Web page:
African-American turnout was down in Wisconsin and other states in 2016. Was it caused by lack of enthusiasm, or deliberately created hurdles to voting?
Close elections almost by definition conjure up countless explanations of what might have changed the result. As the fine voting-rights journalist Ari Berman notes, one of the more shocking and significant developments on November 8, 2016, was Donald Trump’s win in Wisconsin, a state that had not gone Republican in a presidential election since the 49-state Reagan landslide of 1984. Explanations were all over the place:
Clinton’s stunning loss in Wisconsin was blamed on her failure to campaign in the state, and the depressed turnout was attributed to a lack of enthusiasm for either candidate. “Perhaps the biggest drags on voter turnout in Milwaukee, as in the rest of the country, were the candidates themselves,” Sabrina Tavernise of the New York Times wrote in a post-election dispatch that typified this line of analysis. “To some, it was like having to choose between broccoli and liver.”
Virtually no one, says Berman, talked about voter suppression, even though Scott Walker’s hyperpolarized state had enacted and fought successfully to preserve one of the nation’s strictest voter ID laws, expected and designed to reduce minority turnout.
Yet there is evidence, both anecdotal and academic, that voter suppression efforts had a lot to do with a sharp reduction in minority and student voting in Wisconsin.
After the election, registered voters in Milwaukee County and Madison’s Dane County were surveyed about why they didn’t cast a ballot. Eleven percent cited the voter ID law and said they didn’t have an acceptable ID; of those, more than half said the law was the “main reason” they didn’t vote. According to the study’s author, University of Wisconsin-Madison political scientist Kenneth Mayer, that finding implies that between 12,000 and 23,000 registered voters in Madison and Milwaukee—and as many as 45,000 statewide—were deterred from voting by the ID law. “We have hard evidence there were tens of thousands of people who were unable to vote because of the voter ID law,” he says.
Trump carried the state by less than 23,000 votes.
Wisconsin’s voter ID law was designed to create complex hoops prospective voters had to jump through to secure an ID, particularly for those without driver’s licenses, and also for college students attending schools that did not issue the kind of IDs the law demanded. Berman found abundant evidence that election personnel in the state went beyond the letter of the law to discourage compliance. And voter ID was just part of the arsenal of voter suppression techniques at the GOP’s disposal:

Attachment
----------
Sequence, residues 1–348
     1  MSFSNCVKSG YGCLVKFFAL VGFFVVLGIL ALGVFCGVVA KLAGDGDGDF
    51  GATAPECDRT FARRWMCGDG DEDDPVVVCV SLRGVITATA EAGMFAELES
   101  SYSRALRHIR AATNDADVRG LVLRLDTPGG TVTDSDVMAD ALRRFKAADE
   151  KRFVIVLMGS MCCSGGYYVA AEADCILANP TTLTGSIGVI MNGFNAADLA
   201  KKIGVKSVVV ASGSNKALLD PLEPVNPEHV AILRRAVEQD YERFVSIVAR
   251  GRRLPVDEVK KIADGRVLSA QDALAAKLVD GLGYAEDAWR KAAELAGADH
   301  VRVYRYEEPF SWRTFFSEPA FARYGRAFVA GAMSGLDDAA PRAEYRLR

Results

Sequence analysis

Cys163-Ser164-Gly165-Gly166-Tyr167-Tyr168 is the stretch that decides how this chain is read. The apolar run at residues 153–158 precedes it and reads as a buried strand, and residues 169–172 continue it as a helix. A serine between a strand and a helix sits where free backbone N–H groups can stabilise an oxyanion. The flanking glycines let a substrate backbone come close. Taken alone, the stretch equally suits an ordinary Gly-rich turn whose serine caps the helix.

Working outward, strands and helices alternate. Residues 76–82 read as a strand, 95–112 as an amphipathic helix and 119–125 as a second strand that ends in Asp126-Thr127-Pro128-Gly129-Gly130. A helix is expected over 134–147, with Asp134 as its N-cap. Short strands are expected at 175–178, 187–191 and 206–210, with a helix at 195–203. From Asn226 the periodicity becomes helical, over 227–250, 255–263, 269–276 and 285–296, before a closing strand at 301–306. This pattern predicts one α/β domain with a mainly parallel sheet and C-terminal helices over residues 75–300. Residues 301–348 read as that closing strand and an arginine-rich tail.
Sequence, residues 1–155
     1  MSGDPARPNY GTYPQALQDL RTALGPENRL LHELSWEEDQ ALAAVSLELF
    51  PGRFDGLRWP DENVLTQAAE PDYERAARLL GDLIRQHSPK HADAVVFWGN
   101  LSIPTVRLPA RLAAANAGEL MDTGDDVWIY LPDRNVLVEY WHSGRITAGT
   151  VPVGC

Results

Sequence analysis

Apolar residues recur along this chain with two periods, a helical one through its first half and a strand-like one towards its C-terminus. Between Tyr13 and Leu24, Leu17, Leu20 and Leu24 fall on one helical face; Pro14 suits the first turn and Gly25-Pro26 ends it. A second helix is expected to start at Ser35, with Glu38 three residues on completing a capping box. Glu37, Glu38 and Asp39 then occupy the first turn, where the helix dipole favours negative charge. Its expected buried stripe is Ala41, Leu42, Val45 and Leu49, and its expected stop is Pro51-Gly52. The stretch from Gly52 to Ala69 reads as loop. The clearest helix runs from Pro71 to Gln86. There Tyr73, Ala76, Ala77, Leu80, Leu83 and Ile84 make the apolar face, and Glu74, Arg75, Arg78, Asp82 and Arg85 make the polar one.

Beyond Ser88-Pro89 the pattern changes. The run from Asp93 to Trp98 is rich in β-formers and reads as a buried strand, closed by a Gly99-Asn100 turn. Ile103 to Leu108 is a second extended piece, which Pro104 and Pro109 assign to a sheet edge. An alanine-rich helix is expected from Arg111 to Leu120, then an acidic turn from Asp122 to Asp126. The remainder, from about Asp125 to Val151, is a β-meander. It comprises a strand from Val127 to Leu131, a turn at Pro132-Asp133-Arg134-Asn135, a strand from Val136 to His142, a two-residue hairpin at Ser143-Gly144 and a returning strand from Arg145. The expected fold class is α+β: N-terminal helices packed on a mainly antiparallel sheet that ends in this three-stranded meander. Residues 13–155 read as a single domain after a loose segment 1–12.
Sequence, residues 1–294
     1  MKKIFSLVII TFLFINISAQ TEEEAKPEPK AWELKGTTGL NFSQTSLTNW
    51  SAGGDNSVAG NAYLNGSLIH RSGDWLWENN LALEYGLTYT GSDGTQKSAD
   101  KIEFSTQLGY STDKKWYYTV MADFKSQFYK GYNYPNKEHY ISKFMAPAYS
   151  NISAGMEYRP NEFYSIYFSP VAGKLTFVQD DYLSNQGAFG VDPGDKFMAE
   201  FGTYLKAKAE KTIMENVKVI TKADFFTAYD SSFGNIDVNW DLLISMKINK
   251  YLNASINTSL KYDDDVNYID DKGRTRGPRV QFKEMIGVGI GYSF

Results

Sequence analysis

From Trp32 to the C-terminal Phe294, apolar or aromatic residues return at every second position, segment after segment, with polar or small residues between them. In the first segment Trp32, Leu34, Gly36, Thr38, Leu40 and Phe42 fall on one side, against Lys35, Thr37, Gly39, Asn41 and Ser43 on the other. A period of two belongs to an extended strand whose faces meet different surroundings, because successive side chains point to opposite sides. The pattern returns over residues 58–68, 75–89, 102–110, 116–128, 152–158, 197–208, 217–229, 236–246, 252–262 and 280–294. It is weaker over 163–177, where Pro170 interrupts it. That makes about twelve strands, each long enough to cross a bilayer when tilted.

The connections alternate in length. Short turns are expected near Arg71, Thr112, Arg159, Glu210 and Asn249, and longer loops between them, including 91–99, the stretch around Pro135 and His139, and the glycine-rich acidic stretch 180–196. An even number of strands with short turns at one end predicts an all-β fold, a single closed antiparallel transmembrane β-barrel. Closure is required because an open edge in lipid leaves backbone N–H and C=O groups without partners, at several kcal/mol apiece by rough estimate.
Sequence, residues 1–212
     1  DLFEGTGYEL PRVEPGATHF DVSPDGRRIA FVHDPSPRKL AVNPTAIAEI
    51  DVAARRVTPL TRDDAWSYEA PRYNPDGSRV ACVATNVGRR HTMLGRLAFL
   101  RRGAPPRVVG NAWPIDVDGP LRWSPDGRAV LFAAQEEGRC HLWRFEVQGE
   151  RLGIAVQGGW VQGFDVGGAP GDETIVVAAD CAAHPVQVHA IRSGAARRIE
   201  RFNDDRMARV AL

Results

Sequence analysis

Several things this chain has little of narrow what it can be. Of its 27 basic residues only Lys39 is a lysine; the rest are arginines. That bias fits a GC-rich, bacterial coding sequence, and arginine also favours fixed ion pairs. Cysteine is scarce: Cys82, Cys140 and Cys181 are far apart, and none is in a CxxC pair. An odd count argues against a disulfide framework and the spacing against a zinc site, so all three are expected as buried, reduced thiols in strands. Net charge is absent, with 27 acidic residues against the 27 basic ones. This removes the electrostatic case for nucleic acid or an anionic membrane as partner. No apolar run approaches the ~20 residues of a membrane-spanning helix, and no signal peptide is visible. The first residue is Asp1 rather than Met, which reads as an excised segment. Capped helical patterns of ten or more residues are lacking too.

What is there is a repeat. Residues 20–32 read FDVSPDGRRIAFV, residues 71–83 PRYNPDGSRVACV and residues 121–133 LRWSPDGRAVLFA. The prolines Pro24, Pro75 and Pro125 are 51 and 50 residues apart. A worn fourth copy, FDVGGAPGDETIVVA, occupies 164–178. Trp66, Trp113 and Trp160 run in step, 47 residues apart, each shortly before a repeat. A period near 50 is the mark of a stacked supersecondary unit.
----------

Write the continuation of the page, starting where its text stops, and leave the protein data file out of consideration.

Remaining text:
The voter ID law was one of 33 election changes passed in Wisconsin after Walker took office [in 2011], and it dovetailed with his signature push to dismantle unions, taking away his opponents’ most effective organizing tool. Wisconsin’s Legislature cut early voting from 30 days to 12, reduced early voting hours on nights and weekends, and restricted early voting to one location per county, hampering voters in large urban areas and sprawling rural ones. It also added new residency requirements for voter registration, eliminated staffers who led statewide registration drives, and made it harder to count absentee ballots.
It all added up, and for Republicans, it paid off handsomely in 2016.
One lesson of the Wisconsin saga is that control of the federal courts matters a great deal in vindicating voting rights and political representation; this is, after all, the state where a GOP gerrymander of the legislature was so overtly partisan that the U.S. Supreme Court may find it unconstitutional. In 2014 a district court judge struck down Wisconsin’s voter ID law on grounds that it disproportionately affected African-Americans and could not be justified by evidence of widespread voter fraud. But the conservative-dominated Seventh Circuit Court of Appeals reversed the ruling just in time for the 2016 elections.
Ultimately it will require either a change of heart among Republicans, many of whom used to support voting rights, or a significant shift in partisan control of state governments, to reduce the relentless pressure for voter suppression. A Republican president who seems wedded to the more absurd right-wing theories of voter fraud is not setting a very good example, as his Presidential Advisory Commission on Election Integrity, headed by infamous vote suppressor Kris Kobach, has illustrated. But such initiatives from the top are meeting an eager demand from the GOP grassroots:
Republican-controlled statehouses have already passed more voting restrictions in 2017 than they did in 2016 and 2015 combined. Taken together, “there’s no doubt that these election changes affected the turnout among young voters, first-time voters, voters of color, and other members of the Obama coalition that overwhelmingly supported Hillary Clinton,” says Marc Elias, general counsel for Clinton’s campaign, who filed a half-dozen voting rights lawsuits in the months before the 2016 election.
If you think of voting rights as a wonky “process” issue that’s less important than health care or the environment or avoiding war with North Korea, think again. It’s entirely possible we wouldn’t be dealing with a President Trump at all if voting rights were regarded as a fundamental right of citizenship that should be strongly and universally encouraged.